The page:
Exchange Club honors students

Published 12:00 am Thursday, May 4, 2000

Staff Writer

May 3, 2000 10 PM

Pike Liberal Arts School seniors Andrew Reid Jones and Shauna Nicole Wheeler have been named the Troy Exchange Club’s 2000 Youth of the Year.

Sign up for our daily email newsletter

Get the latest news sent to your inbox

Each year, the civic club has the area high schools submit names of a male and female for the honor. The two winners are selected on school activities, community service, special achievements, awards and an essay they write for the competition. The essays were on the theme "Tomorrow’s Leaders Thundering Into Action."

Other area high school students nominated for the award were: Johnathan Catrett of Goshen High School, Taurus LeDavid Myhand of Pike County High School and Lauren Shae Stone and Brian Douglas Smith, both of Charles Henderson High School.

Dan Smith served on the committee which selected the Youth of the Year honorees.

He said the essays written by the six high school seniors were "very inspiring" and made the selection process difficult.

"There’s so much ahead of you," Smith told the students honored during the Exchange Club luncheon Thursday afternoon.

The two winners were each given $300 scholarships.

The son of Myron and Charlene Jones and has a 3.7 GPA. He won the Excellence in Leadership Award for 2000; was selected Pike County Farm City Male Youth of the Year; most improved football player in 1999; named to Who’s Who Among America’s High School Students; is a member of the National Honor Society and team captain for PLAS’s football team.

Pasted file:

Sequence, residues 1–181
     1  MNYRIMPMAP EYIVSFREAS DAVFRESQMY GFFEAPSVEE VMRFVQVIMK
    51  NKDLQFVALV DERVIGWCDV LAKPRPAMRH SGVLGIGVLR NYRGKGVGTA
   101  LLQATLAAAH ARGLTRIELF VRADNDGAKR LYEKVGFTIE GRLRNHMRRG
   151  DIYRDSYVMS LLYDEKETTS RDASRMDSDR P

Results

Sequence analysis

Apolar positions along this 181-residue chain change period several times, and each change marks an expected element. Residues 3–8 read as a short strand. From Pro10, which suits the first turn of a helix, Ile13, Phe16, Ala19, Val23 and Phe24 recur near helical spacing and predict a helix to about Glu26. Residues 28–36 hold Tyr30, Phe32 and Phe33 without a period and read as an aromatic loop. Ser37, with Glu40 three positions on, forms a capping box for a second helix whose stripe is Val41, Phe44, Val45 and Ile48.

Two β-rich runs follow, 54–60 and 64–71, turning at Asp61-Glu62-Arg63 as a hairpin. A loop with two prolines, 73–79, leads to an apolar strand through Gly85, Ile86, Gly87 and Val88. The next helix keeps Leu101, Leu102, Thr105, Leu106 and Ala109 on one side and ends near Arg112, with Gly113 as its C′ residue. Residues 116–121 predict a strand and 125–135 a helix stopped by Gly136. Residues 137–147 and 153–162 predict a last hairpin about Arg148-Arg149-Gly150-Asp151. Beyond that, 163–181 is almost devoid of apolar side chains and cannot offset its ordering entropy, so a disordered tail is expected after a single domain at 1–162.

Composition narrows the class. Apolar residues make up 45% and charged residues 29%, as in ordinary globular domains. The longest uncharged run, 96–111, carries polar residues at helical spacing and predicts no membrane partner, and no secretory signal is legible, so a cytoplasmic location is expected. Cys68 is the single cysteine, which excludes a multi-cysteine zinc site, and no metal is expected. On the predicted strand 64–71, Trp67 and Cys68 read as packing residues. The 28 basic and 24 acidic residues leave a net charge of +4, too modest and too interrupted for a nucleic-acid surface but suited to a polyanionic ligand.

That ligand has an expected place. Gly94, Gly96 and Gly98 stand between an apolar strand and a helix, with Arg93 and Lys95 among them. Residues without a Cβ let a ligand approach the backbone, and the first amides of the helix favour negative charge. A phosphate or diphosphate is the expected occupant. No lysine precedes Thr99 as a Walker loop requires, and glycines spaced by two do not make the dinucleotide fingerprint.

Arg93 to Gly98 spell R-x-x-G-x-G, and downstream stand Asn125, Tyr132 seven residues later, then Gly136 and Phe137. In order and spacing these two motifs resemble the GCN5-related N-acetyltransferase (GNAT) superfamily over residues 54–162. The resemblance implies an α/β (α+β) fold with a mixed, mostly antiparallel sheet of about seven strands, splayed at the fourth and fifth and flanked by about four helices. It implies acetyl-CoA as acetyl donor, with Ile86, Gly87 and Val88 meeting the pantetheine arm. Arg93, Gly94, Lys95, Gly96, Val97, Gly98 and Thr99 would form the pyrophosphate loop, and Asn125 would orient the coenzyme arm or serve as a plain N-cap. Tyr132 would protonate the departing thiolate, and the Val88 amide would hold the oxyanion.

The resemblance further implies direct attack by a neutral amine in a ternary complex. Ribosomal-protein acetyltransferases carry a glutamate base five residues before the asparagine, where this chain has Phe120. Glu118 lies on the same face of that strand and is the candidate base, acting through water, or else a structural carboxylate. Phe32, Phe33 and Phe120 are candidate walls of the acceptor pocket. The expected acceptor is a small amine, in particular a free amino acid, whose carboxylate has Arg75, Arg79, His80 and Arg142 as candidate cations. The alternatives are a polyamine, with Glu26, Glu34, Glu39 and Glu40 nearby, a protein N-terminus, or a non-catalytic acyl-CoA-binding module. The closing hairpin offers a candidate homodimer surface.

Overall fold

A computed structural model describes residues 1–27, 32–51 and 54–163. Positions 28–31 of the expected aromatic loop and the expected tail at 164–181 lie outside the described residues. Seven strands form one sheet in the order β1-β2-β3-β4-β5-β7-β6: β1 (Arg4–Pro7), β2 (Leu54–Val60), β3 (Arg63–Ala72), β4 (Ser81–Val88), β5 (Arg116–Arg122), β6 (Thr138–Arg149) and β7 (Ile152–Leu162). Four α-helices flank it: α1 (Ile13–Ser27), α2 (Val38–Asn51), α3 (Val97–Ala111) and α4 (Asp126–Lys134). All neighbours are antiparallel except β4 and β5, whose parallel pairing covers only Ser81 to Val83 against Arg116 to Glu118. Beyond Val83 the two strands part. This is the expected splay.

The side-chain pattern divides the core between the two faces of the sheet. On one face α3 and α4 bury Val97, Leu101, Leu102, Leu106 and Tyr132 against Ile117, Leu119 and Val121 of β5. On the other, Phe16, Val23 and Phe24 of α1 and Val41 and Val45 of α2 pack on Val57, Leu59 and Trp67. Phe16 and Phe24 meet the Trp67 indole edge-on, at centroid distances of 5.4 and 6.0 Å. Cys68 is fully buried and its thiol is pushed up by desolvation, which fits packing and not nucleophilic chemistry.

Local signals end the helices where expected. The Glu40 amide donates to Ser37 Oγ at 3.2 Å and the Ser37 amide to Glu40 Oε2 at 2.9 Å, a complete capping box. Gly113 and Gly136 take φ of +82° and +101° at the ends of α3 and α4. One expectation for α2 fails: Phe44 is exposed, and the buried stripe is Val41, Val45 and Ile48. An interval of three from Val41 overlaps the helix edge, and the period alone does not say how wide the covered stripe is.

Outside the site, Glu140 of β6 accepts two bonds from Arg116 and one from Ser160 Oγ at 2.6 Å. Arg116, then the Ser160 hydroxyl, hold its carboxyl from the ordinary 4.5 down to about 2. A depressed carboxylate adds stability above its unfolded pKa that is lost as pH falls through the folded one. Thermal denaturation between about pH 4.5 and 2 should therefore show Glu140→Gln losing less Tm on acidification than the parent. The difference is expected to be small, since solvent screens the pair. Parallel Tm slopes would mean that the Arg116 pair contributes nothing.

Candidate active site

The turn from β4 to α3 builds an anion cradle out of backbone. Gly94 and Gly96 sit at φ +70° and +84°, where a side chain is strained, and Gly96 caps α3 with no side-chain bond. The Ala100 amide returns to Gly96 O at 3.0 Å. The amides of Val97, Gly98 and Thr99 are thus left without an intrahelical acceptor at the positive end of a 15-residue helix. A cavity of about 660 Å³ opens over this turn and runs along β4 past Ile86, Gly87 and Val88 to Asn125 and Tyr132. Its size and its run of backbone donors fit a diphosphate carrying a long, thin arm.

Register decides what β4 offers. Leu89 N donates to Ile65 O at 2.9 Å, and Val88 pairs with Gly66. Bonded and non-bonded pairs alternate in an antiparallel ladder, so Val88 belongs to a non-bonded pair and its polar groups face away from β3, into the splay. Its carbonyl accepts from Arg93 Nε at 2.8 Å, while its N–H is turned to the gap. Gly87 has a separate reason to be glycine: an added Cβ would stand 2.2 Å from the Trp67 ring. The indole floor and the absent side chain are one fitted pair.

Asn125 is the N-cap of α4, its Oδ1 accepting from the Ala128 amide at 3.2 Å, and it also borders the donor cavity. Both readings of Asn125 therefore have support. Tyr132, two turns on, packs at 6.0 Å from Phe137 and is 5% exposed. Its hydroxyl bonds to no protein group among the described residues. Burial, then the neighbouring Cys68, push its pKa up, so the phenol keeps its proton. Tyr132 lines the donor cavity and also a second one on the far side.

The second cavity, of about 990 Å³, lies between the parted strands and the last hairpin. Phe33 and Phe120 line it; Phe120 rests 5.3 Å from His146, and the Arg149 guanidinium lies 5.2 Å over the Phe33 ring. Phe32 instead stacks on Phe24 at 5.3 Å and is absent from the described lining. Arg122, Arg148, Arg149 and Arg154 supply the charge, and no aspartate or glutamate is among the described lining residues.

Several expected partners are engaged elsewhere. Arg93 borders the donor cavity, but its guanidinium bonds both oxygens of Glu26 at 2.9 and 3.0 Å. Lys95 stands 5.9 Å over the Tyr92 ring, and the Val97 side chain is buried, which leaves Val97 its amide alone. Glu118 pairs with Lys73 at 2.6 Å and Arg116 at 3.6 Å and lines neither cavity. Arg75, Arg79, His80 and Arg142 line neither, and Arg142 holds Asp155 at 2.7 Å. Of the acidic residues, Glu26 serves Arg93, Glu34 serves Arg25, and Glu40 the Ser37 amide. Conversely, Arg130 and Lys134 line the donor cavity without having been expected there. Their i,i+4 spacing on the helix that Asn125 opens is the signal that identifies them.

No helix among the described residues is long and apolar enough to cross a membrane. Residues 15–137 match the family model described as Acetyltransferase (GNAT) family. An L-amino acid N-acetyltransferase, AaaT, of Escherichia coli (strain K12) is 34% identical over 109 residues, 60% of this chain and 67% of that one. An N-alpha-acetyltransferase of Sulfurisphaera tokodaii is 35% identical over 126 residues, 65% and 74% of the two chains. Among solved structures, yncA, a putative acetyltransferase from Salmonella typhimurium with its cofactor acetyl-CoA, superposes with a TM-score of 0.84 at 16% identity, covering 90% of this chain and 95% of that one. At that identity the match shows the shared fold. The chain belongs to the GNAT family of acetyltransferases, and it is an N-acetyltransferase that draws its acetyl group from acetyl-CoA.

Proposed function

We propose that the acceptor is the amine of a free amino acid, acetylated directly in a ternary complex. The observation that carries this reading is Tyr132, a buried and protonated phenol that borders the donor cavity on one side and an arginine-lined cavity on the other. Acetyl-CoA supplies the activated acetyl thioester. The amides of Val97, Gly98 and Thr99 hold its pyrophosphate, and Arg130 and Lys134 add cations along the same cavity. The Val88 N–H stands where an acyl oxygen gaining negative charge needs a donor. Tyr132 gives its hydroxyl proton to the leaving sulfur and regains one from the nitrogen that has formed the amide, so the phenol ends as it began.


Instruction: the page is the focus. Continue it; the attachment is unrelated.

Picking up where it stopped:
Jones’ essay was about his belief his generation can be the one to take "America to a much higher level. To be tomorrow’s leaders we should put our freedoms to their intended use. We must vote when given the chance, we must speak up for what is right at the appropriate time, and we must let God sit in the driver’s seat and let Him lead us."

He wrote America needs someone in high office who will invite God’s influence into each decision.

"I can guarantee that if we allow God to lead our leaders in the future, we will have no problem with America’s action having a little thunder behind it!" he wrote.

"How can one be a real leader if he or she does not take advantage of all the rights given to us Americans?"

Outlining rights, such as voting, freedom of speech, freedom of assembly, the right to bear arms and religion, Jones wrote that many Americans take these for granted.

"We will go nowhere if we continue to live up to that reputation and keep our country’s clock ticking away to a final destruction. How do we stop that from happening? We turn ourselves around and think of how to take our freedom and use it for the best."

Wheeler is the daughter of Gary and Lisa Wheeler. She has a 3.7 GPA at Pike Liberal Arts School. She has served as National Palomino Horse Breeders Association youth president, been the PHBA’s Reserve World Champion-Youth Western Pleasure, was a national nominee for the Wendy’s Heisman Award, made six all-tournament basketball teams and first team all-county, was selected for all-state basketball, named to the AISA Basketball All-Star team and is a member of the National Honor Society.

In her essay, Wheeler wrote about her generation’s need to develop a better work ethic.

"Fifty years ago, I would have spent my spare time working, no exceptions. After my duties were completed, I might have the chance to do the playing. Today, the young play first, and it their fun is interrupted, they will work to be able to play again. There is no respect for labor and effort. If it cannot be accomplished by using the Internet, it is not worth the struggle. We must push ourselves to the realization that life’s rewards should be given to those who work for it."